Untamed Storms: Cinema’s Oceanic Contingency and Mati Diop’s Atlantics

Research output: Contribution to journalArticle (Academic Journal)peer-review

Abstract

<jats:title>Abstract</jats:title><jats:p>The ocean, for Jean Epstein, figures the disruption that the cinematograph offers for human perception, presenting a nonhuman view on the world. This article will critically engage with Epstein’s writings on water to reflect on Mati Diop’s <jats:italic>Atlantics</jats:italic> (2019) and its particular conception of the oceanic. <jats:italic>Atlantics</jats:italic> positions the ocean within the perspectives of its filmic subjects but also in excess of them. This perspectival nature of the oceanic speaks to a liminal space between male and female, living and dead, human and nonhuman, which mirrors contemporary debates within Black studies around the exclusion of Blackness from the normative category of the human: the contingency of the definition of humanity based on racial exclusion. As a result, it is not only the nonhuman perspective that the ocean provides in <jats:italic>Atlantics</jats:italic>, but a spectral haunting of those deemed other than human by global capitalism, which disrupts, as a queer prophecy, the veneer of necessity that the neocolonial order requires to sustain itself.</jats:p>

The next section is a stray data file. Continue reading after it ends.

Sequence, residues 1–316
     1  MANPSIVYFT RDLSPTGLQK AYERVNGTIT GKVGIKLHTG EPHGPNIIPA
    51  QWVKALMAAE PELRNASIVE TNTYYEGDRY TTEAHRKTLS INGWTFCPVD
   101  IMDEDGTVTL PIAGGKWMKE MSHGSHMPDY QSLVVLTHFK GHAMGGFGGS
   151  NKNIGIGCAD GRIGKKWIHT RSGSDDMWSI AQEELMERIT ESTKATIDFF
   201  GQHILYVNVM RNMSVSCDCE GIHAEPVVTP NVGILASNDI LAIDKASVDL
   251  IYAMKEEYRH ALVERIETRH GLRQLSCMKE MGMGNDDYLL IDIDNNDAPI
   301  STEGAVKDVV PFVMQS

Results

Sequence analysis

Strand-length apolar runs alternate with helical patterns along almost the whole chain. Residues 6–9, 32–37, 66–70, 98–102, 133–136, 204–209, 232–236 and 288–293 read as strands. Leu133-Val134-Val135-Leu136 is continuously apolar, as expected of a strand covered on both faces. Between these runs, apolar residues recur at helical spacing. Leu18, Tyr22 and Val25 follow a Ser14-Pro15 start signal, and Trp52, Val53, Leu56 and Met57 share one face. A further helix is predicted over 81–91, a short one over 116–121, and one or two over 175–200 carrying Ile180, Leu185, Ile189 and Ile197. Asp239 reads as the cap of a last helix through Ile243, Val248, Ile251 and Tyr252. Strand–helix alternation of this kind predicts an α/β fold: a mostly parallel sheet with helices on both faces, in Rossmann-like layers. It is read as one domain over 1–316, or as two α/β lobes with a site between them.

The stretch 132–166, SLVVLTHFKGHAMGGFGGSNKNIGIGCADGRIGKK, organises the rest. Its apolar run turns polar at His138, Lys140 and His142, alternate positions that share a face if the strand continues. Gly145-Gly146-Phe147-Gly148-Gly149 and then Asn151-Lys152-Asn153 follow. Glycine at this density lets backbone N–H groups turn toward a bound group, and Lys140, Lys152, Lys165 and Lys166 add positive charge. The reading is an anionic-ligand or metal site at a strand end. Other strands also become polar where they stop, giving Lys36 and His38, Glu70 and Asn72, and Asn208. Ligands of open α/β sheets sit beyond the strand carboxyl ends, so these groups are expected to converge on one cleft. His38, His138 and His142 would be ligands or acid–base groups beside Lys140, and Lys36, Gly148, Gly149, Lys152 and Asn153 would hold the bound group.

Original languageEnglish
JournalStudies in World Cinema
Volume3
Issue number2
DOIs
Publication statusPublished - 17 Jul 2023

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